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Posted : 2013-05-03 17:35
Updated : 2013-05-03 17:35

Alzheimer's 'disaster'

A government report last year shows that nearly one in every 10 Korean senior citizens suffers from Alzheimer's disease, the most common form of dementia. The report, based on an analysis of some 6,000 people aged over 65 who received treatment at a general hospital in Bundang, south of Seoul, raised the need for prompt government action.

According to the report released by the Ministry of Health and Welfare, about 541,000 people aged over 65, or 9.18 percent of all senior citizens, were estimated to have received treatment for Alzheimer's disease last year, up from 8.4 percent in 2008 and 8.74 percent in 2010. If this trend continues, the number of elderly people suffering from Alzheimer's is expected to surpass 1 million in 2024, one year earlier than the ministry forecast in 2008. In 2050, the number of Alzheimer's patients is expected to reach 2.71 million.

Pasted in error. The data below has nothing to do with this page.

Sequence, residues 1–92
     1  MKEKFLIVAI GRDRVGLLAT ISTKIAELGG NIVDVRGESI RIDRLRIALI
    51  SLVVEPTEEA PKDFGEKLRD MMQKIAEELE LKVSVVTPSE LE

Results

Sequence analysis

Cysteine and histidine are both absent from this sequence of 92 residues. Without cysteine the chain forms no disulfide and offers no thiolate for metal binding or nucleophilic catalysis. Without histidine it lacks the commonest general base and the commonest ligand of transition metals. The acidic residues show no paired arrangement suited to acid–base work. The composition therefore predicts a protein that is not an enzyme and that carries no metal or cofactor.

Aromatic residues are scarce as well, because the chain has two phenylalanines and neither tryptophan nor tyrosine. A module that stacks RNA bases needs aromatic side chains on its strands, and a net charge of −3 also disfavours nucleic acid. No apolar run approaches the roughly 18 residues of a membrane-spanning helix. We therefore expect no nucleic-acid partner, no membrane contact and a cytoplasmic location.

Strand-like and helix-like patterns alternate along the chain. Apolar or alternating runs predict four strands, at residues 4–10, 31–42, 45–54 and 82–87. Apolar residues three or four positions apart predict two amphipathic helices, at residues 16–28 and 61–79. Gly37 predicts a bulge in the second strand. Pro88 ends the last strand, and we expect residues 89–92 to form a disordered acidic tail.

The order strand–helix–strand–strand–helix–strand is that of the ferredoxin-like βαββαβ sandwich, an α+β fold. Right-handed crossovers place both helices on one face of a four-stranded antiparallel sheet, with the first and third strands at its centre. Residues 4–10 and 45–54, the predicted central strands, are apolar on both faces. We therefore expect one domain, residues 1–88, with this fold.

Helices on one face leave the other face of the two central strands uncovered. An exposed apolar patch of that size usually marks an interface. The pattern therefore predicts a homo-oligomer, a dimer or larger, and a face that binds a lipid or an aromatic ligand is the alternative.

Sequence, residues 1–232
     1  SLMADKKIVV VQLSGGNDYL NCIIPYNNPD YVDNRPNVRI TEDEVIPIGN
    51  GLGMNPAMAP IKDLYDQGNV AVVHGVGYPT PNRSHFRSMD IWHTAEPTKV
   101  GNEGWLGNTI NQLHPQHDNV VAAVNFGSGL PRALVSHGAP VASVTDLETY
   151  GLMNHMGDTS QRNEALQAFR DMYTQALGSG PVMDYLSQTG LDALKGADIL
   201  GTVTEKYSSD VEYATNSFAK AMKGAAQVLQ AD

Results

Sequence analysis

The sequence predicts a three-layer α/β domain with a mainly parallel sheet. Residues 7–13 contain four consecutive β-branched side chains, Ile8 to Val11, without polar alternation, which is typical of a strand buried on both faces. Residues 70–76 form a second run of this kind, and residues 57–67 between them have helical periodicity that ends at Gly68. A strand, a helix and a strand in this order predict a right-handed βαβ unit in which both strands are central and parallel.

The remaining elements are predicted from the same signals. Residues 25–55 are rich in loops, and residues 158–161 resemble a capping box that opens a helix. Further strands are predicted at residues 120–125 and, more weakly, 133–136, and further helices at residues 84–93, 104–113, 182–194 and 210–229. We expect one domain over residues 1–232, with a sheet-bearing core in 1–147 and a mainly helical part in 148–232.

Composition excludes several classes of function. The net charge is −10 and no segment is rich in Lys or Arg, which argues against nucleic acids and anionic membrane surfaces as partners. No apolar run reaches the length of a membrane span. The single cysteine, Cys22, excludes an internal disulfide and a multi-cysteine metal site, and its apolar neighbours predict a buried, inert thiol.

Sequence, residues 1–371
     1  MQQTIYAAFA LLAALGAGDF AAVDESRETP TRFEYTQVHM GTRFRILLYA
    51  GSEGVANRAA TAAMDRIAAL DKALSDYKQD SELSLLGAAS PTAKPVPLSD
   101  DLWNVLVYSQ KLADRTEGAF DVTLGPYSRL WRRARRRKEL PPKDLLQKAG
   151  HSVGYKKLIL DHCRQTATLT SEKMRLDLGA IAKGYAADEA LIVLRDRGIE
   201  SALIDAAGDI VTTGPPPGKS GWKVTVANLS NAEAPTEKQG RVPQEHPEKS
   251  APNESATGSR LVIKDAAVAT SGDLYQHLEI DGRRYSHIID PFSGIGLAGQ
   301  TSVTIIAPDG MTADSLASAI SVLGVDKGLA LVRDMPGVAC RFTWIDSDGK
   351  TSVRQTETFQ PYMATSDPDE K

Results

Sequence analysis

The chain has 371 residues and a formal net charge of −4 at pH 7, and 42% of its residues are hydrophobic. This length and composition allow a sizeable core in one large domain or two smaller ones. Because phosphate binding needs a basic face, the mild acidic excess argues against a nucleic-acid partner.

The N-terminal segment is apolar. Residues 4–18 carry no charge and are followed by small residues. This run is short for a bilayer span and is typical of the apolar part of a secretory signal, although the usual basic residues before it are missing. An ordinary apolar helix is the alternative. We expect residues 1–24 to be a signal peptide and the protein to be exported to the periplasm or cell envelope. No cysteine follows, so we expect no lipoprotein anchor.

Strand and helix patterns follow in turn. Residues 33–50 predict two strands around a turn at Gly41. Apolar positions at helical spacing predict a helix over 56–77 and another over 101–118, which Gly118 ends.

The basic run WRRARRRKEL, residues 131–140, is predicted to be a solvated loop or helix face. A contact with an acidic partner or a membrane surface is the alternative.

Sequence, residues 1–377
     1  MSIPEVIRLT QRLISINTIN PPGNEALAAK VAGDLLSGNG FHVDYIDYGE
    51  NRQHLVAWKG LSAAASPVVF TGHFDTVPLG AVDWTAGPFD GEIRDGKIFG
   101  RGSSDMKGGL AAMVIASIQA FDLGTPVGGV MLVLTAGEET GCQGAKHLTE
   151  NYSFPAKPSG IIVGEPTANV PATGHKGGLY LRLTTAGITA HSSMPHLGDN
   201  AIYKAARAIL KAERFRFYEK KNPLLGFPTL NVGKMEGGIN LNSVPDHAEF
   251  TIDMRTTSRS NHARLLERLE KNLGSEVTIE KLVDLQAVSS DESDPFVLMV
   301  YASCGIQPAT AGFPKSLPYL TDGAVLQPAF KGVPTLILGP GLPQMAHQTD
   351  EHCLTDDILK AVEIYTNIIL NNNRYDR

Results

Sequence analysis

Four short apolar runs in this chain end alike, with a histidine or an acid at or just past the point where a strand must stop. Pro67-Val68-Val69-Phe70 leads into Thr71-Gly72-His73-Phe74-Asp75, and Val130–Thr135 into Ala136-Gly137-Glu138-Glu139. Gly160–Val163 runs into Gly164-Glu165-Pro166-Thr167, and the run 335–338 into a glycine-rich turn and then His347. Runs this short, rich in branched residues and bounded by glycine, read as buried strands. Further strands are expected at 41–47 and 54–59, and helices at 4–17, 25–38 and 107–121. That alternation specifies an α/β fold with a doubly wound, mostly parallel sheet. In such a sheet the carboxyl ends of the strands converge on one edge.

Worse yet, one out of four senior citizens suffers from cognitive disability, which could develop into Alzheimer's over time, the report said. Elderly people who have no spouse due to divorce or death are three times more likely to come down with the disease. This will augur ill for the future when a growing number of people are expected to live alone.

The rapid rise in the number of dementia patients is unavoidable, given the accelerating age of the population. Advanced alzheimer's requires care around the clock, placing a great burden on caregivers. For this reason, Alzheimer's often causes the breakup of families.

It is time for the government and society to act resolutely to put the brakes on the rapid spread of this illness. Under a comprehensive management plan for Alzheimer's unveiled last year, the government will introduce special grades for Alzheimer's patients to the elderly long-term care insurance system. A call center will be established in October to provide consulting services regarding dementia.

The key question is to craft a system in which people can detect the disease early so its progress can be slowed. At the same time, more elderly nursing homes must be established to free families from the burden of caring patients at home.


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